The noise along the route is incredible, the americans totally embrace the event. It was amazingly loud almost to the point of annoying. However it got even louder as we approached the girls' college at Wellesley. It's tradition that they offer kisses to the runners and plenty of runners helped themselves. As it's tradition I had to be part of it and got kisses from two lovely lasses who seemed to enjoy the fact I was English and not at all put off that I was old enough to bet their father!! It was a nice distraction from the slog shift I was putting in, you could still hear their screams half a mile down the road.

    Before I knew it, the 16 mile marker came and the road went up and up. I'd studied the course map and knew I had four decent climbs to come with a few dips and then the inevitable Heartbreak Hill. Having mentally prepared for this section was a real help but boy it was tough. Due to the extra inclines for the bits I'd dismissed at dips but now felt like mountains, I was unsure If I'd done Heartbreak.

    The mile markers at the side of the road suggested I was a mile short as well as the permanent mile markers which are in the centre line road markings all year round. They really do love this event!
    Heartbreak arrives and my strong head gets me up. Others, alas, see their race crash and burn as the walkers increase. I trudge past and try to use their negativity as my own positive, I'm still going, I want to die but I'm still going.

    By now I know that my plan to bring back time with a decent 10k is out as my legs feel like they did on my first marathon, full of concrete. I was so hot and thirsty despite the continued refueling, that it was now all about the medal. No way would I end this race on a stretcher with a strict american telling me I don't get a medal as I didn't finish it, no way!

    At 22 miles I got a timely boost when my wife and boys suddenly appeared, cheering in the crowd. My eldest shouting that our beloved yet relegation threatened Woking FC had won a crunch match away at Chester that day. Brilliant!

    I counted each mile down, took the water and used my gels well. The last two miles were the longest on the course, there must have been a measuring mistake? People were dropping all around. I later heard that 2500 needed medical attention, many at the finish. Many had core body temps over 103 degrees and one guy reached 108. I saw some very fit looking folk go down, not nice but all were OK in the end.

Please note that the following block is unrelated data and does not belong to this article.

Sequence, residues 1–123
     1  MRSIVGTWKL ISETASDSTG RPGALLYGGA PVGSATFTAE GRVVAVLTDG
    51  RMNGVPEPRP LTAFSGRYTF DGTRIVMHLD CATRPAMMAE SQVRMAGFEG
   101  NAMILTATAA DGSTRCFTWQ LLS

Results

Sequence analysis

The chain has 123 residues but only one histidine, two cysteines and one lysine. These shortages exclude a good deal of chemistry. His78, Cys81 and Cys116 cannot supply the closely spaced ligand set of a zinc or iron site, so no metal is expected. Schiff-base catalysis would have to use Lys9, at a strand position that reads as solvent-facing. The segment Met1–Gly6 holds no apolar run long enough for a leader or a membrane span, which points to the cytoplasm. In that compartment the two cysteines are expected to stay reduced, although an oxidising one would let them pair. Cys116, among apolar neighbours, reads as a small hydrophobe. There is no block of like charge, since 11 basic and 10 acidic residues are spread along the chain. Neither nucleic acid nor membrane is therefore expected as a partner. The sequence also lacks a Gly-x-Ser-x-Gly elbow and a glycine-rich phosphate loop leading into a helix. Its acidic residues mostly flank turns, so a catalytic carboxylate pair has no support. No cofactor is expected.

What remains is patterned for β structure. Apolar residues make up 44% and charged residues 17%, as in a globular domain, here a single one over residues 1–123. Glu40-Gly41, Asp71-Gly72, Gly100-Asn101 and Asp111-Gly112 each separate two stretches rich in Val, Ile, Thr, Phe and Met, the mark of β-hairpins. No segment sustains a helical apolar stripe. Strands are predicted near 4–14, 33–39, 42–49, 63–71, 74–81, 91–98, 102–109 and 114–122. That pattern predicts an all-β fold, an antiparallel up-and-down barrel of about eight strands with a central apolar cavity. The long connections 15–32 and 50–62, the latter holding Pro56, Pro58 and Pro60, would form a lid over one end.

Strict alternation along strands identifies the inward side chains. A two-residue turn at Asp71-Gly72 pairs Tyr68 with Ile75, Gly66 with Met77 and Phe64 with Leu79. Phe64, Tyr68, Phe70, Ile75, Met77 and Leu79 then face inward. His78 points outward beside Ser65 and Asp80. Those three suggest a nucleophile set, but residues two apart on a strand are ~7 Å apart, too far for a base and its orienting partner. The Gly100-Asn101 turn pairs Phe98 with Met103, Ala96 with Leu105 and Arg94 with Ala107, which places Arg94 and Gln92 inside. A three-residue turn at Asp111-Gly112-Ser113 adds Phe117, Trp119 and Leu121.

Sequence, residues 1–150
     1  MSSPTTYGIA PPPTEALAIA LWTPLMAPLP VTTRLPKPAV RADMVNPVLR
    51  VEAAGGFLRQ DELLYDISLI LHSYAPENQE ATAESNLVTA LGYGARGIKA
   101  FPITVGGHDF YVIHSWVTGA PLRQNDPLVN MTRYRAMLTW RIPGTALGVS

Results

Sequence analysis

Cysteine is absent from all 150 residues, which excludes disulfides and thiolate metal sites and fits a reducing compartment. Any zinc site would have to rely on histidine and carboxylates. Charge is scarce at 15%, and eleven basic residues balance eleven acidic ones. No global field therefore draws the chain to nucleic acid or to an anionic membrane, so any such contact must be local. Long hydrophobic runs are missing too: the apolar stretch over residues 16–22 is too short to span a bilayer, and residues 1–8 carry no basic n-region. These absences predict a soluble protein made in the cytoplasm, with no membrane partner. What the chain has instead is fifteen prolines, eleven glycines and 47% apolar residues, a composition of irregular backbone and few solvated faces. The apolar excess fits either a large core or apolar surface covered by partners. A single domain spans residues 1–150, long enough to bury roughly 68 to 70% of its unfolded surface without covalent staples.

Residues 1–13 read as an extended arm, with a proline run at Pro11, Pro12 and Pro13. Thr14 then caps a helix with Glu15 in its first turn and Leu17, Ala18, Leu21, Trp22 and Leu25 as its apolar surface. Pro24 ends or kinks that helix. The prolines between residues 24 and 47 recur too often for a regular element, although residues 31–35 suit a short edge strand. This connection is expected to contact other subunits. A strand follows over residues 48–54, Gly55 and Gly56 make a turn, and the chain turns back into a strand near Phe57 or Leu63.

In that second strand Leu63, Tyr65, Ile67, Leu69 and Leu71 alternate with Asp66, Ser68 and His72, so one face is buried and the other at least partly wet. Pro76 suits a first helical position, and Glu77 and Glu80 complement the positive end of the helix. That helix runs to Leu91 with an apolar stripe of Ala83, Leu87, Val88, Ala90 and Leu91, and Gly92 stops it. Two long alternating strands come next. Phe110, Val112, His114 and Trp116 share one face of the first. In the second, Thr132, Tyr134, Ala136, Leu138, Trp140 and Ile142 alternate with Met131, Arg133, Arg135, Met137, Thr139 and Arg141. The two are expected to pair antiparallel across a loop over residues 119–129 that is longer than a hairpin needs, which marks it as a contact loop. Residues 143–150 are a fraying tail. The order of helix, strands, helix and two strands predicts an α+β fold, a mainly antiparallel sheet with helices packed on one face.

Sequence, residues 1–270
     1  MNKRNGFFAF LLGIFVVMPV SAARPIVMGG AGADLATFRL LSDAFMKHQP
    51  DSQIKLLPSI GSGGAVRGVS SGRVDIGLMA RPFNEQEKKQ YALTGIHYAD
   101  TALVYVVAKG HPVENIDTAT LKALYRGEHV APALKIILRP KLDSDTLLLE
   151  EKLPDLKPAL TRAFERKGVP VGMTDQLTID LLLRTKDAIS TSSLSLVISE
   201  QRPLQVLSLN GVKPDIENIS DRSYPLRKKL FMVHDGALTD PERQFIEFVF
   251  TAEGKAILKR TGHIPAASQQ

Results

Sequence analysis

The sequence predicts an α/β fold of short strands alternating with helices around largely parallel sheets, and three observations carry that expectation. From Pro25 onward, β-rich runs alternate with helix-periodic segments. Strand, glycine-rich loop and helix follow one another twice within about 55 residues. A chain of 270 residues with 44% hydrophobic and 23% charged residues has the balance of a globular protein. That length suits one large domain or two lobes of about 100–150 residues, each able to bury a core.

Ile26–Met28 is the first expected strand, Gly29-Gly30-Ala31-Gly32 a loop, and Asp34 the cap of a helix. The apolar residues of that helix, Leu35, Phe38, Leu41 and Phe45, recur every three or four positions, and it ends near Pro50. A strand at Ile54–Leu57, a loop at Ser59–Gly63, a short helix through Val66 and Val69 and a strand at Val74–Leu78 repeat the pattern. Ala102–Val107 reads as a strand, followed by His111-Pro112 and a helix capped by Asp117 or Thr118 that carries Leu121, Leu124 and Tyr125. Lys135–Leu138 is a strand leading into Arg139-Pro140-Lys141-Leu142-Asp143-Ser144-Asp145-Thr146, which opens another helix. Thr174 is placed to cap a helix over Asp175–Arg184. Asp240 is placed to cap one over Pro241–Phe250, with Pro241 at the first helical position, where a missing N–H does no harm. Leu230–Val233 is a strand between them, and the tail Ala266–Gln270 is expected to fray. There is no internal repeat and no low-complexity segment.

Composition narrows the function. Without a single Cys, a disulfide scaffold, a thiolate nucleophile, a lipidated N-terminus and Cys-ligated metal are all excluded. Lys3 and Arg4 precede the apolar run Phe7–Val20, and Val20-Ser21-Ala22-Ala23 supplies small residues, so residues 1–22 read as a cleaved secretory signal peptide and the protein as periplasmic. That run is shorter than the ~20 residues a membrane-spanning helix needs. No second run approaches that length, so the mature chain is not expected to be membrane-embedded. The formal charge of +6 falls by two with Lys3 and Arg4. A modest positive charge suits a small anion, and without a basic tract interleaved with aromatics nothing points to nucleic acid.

Mile 25 approached, I could see the marker. Annoyingly my Garmin told me I was already at 25 but I could see it was a good 0.2 down the road.
    On t-shirts and bus posters I'd seen a slogan stating, "Right on Hereford, Left on Boylston", this described the final turns to the finish. I ran it through my head multiple times like a mantra as I looked ahead of the mass of humanity that stretched out and wished upon wish that I'd see them shape to the right. But oh no, there was one last test. Just like the underpasses in Paris or the one at Blackfriars in London, Boston had one in the final mile. I cursed and spat as we went through and up, many took the opportunity to walk for a bit.

    Finally there it was, the right turn into Hereford. The volume increased, I could see the left into Boylston and as I took it I can only imagine that's the noise you hear when you run into a packed Olympic stadium, it was deafening. I realised I was on the centre blue line and with space around. I showboated to the crowd, waving my arms asking for more noise, they responded by turning the amp volume to eleven. Wow!

    Suddenly I felt lighter, I could see the finish gantry, I looked to my left and remembered those that were injured and killed at that point four years ago and thought how wonderful it was that we were also doing this for them and they'd never be forgotten. As I approach the line I raise my arm as if scoring a goal (my usual race homage to Alan Shearer) I cross the line and I can stop. 

    I hadn't checked my watch for miles, no point. I glanced down and saw I'd scored 3.19.41, exactly 10 mins to the second over my PB in Berlin seven months ago. I'm so pleased with that. This beast of a day with heat and hills had only cost me 30 seconds per mile, it could have been so much worse. In a campaign which meant training through illness and injury, I'll take that. I received my medal and suddenly it hit me, I ran Boston!

    So happy to have managed the race so well (and the injuries during campaign) and to bring home a fairly respectable time. 
    Boston was an awesome experience, the organisation is incredible. If you get the chance, do it!

  • BirchBirch ✭✭✭
    Fantastic report, G-Dawg - and once again, great effort !!  
  • SlokeyJoeSlokeyJoe ✭✭✭
    Great work GD!

    best of luck to everyone on Sunday - looking forward to some stonking PBs and entertaining reports....

    smash it
  • GerardMGerardM ✭✭✭
    G-Dawg - I really enjoyed that report, loved the detail and you really made the most of a very memorable occasion. I can't wait to do it one day.